Why Political Cartoons are Losing Their Influence

Oliphant, Patrick
December 2004
Nieman Reports;Winter2004, Vol. 58 Issue 4, p25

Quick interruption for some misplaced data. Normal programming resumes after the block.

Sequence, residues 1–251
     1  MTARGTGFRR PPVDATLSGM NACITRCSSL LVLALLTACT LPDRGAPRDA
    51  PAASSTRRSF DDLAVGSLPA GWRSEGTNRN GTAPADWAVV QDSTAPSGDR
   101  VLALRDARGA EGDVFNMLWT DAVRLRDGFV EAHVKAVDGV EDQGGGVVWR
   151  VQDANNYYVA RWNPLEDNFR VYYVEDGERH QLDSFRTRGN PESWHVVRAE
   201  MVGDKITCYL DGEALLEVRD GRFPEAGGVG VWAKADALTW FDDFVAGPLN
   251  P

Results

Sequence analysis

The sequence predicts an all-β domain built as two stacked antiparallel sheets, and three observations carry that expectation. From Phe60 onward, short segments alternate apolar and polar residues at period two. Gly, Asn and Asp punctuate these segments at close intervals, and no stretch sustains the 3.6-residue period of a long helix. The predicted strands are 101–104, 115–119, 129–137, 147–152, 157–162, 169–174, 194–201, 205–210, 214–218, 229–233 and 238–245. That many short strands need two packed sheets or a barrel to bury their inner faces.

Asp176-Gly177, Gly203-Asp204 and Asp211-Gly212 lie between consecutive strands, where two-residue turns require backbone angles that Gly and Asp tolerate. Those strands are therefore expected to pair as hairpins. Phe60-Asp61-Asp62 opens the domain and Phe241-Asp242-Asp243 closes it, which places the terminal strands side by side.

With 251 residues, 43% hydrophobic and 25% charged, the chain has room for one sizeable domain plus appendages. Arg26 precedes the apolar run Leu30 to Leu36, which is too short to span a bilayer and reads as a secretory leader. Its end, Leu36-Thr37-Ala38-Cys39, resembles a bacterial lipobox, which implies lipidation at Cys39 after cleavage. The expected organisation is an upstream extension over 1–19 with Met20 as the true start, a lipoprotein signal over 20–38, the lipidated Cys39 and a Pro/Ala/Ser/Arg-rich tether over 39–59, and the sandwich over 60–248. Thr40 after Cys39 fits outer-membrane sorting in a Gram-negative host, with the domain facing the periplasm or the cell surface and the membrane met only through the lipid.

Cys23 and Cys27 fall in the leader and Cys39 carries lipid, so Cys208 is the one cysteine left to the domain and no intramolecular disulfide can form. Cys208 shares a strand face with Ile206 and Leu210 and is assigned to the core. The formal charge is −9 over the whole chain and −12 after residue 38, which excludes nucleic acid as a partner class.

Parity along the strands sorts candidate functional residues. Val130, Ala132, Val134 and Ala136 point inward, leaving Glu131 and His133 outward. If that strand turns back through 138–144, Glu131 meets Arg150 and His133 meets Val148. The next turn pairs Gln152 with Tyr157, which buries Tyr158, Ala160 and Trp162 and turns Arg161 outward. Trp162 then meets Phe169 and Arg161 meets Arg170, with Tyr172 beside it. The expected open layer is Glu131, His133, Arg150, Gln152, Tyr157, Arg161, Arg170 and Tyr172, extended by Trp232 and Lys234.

This article discusses why political cartoons are losing their influence in the U.S. If one compares, in this time of national crisis, the years of the George W. Bush presidency with those of the Richard Nixon presidency from the perspective of the political cartoon, one thing becomes apparent: the influence is missing. It is only 30 years since the glory times of Bob Haldeman and John Ehrlichman and all the other stars of the supporting Watergate cast. There was drama, detective work, skullduggery, secret tiles, and paranoia. Cartoonists need villains and, in those happy times, there were villains galore. The political cartoon responded to this circumstance by producing satire of exceptional quality. It is no stretch to claim that the political cartoon had a distinct influence on the termination of the Nixon presidency. In retrospect it all seems like comic opera, for what was thought of as a national emergency in those days pales when compared with what people now face. The villains are all in place again, but this time both foreign and homegrown, with the latter as scary and menacing as the former. But that once-potent galvanizer of opinion has been allowed to atrophy from disuse, and is in great jeopardy of fading away altogether. There are manifold causes of the disuse and dismissal. The idea of newspapers becoming corporate entities that existed to serve the stockholders rather than the public was not seriously considered. When the competition was removed and the newspaper fell into the hands of chains, and the like, bottom-line journalism was born. This heralded the beginning of the death of controversy. Controversy, that life force behind the political cartoon, is of course completely anathema to those nursing the books. Those graphically challenged are firmly entrenched in newspapers now and they occupy the roles of editors and political cartoonists in too many papers.


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